There’s been a lot of talk about the damage DRM can do.
Here’s one small way to repair that—make sure phone unlocking is legal again.
Last week, Cory Doctorow wrote this lengthy, thoughtful piece about DRM and the laws, like the anticircumvention provisions in section 1201 of the DMCA, that make it illegal for people to circumvent DRM. He gives a concise history of the lobbying and laws leading up to the current situation, and follows that up with an analysis of how this whole system perverts the relationships between publishers and consumers, and between all of us and the computers we like to call our own.
Mike Masnick at Techdirt follows up on a couple of the more specific points within the piece, talking about how DRM can undermine our computer security, and even give publishers the right to make up new, more restrictive copyright laws . Rick Falkvinge of the Swedish Pirate Party even goes so far as to say that the continued existence of laws like the DMCA render the rest of copyright law “a lie,” since the law could just enforce whatever restrictions are built into the software, regardless of whether those restrictions are based upon any other law at all.
That might be putting it in relatively absolutist terms, since there are certain small limits on what courts will enforce through section 1201: a few appellate courts want to make sure that there’s at least a “nexus” between the prohibited act and some sort of copyright infringement, and there is, on paper at least, the rulemaking procedures held every three years at the Library of Congress, in which certain users are blessed with the ability to circumvent certain types of DRM for certain purposes.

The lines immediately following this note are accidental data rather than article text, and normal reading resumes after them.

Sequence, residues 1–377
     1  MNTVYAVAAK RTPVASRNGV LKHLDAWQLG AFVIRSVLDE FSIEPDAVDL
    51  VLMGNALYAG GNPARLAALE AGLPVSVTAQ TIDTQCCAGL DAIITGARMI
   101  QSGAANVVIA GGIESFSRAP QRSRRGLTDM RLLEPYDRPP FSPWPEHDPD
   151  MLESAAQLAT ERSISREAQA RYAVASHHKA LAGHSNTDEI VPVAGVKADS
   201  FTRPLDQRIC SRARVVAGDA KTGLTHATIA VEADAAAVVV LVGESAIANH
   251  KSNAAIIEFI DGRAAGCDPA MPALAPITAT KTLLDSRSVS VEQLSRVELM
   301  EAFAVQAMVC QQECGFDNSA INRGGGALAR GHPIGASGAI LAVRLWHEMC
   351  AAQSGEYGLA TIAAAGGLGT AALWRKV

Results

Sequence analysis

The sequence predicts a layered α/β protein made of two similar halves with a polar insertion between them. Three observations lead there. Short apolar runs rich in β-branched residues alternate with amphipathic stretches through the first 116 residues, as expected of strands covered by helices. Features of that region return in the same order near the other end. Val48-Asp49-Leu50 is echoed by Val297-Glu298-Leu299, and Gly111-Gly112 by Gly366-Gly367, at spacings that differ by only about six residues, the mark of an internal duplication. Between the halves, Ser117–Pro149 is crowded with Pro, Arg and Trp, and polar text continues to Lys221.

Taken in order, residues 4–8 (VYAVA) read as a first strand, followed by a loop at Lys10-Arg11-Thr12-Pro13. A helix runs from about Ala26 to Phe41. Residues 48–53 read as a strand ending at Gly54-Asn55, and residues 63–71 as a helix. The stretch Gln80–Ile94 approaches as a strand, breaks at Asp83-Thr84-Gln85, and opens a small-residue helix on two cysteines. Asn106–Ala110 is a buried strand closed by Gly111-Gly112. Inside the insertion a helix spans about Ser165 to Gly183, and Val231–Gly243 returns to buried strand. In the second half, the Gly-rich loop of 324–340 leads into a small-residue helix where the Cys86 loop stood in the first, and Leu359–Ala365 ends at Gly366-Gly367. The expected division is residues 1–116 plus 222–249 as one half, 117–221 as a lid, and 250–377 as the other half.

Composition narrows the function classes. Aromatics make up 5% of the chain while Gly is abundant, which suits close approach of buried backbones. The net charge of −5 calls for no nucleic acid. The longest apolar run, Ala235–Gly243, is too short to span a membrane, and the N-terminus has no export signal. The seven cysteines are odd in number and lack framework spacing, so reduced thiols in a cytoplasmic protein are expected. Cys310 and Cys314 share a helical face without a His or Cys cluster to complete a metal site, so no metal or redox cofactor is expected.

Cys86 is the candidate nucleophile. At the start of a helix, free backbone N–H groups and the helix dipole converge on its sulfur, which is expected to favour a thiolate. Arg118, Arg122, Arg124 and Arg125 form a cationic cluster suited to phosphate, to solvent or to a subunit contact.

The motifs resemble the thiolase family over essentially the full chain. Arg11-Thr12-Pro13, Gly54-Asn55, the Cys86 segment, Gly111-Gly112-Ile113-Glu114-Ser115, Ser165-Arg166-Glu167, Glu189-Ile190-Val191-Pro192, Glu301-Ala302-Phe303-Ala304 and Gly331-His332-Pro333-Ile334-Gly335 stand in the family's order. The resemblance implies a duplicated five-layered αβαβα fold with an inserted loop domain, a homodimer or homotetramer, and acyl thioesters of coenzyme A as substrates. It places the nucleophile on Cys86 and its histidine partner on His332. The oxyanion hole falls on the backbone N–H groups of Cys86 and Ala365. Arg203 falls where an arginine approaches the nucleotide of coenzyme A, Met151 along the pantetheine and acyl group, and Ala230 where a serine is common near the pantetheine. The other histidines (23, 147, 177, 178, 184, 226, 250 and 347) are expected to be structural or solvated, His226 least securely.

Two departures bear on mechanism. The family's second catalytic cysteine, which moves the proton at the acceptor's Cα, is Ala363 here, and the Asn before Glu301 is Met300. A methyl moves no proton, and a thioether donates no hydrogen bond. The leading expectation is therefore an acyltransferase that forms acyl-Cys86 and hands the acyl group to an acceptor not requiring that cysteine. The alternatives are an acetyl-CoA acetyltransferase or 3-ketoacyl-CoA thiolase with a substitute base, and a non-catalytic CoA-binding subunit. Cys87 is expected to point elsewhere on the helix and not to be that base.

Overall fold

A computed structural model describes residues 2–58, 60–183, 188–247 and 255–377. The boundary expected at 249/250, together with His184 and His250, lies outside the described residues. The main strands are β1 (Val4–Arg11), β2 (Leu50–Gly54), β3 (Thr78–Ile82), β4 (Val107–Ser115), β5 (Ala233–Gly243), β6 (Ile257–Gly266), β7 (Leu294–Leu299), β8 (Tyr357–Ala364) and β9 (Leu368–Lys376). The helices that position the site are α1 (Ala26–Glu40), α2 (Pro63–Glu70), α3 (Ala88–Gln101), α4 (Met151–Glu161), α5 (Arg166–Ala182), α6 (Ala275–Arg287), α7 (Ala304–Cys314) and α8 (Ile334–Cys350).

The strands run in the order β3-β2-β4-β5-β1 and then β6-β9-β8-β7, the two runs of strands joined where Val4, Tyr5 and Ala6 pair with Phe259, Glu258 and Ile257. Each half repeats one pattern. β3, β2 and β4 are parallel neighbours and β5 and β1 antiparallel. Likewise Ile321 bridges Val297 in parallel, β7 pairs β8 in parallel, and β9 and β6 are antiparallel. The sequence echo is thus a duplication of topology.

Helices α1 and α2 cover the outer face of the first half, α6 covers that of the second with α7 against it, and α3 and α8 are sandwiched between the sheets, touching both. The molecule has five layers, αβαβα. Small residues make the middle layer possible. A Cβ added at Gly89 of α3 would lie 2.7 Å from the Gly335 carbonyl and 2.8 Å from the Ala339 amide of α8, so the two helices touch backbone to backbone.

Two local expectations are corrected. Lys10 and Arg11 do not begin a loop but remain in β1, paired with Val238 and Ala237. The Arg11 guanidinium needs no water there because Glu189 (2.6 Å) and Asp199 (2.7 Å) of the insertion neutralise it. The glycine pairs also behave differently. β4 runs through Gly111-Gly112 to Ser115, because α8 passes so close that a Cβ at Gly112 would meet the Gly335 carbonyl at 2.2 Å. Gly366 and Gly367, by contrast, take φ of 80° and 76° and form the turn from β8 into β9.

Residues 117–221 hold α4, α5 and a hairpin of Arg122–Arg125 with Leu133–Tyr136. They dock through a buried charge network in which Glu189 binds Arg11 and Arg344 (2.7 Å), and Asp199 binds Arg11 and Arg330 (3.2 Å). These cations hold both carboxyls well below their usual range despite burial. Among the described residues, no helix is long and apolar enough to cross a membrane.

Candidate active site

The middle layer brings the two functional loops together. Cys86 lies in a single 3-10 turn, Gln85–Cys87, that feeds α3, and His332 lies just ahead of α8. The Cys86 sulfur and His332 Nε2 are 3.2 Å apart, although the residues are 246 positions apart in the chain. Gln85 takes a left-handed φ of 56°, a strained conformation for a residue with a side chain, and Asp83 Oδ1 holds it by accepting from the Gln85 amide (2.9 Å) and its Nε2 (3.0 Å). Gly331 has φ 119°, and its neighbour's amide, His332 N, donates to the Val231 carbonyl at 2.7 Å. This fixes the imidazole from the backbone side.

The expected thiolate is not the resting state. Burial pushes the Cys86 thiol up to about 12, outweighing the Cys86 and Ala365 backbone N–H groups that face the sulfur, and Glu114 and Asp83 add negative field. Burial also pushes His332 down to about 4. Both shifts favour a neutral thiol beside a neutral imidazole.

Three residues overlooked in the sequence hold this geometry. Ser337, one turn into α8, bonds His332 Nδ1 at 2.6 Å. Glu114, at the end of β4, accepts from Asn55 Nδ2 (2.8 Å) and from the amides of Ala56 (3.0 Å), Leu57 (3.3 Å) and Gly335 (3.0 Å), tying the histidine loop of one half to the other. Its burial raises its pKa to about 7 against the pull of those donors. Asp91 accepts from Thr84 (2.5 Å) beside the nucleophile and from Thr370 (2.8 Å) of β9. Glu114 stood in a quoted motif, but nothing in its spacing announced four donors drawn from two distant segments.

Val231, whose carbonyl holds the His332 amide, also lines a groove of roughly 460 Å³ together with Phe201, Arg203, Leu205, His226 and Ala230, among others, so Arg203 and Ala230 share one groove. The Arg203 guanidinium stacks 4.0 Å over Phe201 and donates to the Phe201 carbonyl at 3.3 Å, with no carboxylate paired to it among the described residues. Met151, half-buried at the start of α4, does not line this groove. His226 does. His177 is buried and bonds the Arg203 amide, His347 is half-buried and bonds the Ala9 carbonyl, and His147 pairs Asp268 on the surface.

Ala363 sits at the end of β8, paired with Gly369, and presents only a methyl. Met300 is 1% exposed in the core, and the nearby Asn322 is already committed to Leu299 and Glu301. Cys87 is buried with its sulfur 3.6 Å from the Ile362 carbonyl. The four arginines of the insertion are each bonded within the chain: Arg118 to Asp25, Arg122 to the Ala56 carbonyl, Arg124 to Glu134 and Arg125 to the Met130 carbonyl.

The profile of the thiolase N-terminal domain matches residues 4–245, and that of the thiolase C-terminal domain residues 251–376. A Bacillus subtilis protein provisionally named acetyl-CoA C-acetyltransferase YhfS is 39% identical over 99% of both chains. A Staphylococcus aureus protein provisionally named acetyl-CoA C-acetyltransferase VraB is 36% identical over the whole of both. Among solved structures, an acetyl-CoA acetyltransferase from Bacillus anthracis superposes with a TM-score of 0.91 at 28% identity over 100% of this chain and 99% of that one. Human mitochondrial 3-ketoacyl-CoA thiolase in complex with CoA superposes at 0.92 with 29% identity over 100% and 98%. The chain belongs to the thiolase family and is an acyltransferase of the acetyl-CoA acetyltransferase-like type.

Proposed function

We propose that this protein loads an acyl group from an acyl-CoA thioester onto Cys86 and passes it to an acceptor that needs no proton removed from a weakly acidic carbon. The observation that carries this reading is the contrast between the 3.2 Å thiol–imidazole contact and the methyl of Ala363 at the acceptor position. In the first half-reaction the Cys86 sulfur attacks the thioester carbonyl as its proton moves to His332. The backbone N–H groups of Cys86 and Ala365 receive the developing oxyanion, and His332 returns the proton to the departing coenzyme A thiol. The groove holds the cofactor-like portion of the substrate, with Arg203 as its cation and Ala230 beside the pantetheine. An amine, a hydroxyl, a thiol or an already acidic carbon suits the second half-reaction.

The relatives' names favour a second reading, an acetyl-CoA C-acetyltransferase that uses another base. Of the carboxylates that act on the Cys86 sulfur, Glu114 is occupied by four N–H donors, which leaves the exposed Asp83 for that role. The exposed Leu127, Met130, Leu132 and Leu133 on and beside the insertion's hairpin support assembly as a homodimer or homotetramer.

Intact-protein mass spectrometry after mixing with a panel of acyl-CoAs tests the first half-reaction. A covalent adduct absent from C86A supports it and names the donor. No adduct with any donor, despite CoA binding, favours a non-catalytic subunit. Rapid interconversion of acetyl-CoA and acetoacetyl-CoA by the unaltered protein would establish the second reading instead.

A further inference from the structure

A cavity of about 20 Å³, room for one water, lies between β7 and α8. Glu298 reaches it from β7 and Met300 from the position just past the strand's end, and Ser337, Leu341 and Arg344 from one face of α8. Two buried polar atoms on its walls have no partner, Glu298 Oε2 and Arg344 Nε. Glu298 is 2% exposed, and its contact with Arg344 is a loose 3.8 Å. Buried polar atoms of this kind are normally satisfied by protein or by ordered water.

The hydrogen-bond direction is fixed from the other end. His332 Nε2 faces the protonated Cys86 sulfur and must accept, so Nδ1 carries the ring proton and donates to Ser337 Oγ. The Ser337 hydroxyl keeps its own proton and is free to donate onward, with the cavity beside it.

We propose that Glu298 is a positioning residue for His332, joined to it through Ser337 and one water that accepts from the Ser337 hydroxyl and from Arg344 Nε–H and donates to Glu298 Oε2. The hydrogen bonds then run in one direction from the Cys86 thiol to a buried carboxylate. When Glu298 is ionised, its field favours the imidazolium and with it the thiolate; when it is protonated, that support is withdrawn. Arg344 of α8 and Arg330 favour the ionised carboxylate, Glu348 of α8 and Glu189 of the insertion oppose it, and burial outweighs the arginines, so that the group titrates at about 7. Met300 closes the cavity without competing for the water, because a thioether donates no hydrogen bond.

But even this small bright spot fails to make up for the ways in which DRM can be abused. A major case in point: section 1201 still stands between you and unlocking your own phone. Phone unlocking, incidentally, is all about being able to use a phone you already own when you switch networks. As such, it has next to no effect on any copyright laws, unless you’re just looking for excuses to throw into a consumer’s path. That, of course, is exactly what the copyright case against phone unlocking is—a legal pretext that very few are willing to defend publicly on principle. (While the FCC has taken steps to make unlocking easier, it doesn’t remove the underlying source of the problem in section 1201.)
And yet here we are, over a year since over 114,000 Americans demanded that phone unlocking be made legal, and nearly a year since the White House agreed that Congress should make that happen. Bipartisan legislation to do just that has passed the House Judiciary Committee, and just needs to be taken up again to make this simple fix.
Even this law has a time limit on it, though. It makes phone unlocking legal by reversing the latest decision of the Library of Congress, and only lasts until the next rulemaking comes along. If the triennial pattern holds, that would be scheduled for early 2015. So if it’s going to do anything at all, it needs to get done soon. That might seem like a small thing to ask for, but in the topsy-turvy world of DRM, even one initial bit of sanity can go a long way to making things right.
Original image by Flickr user Travis Isaacs.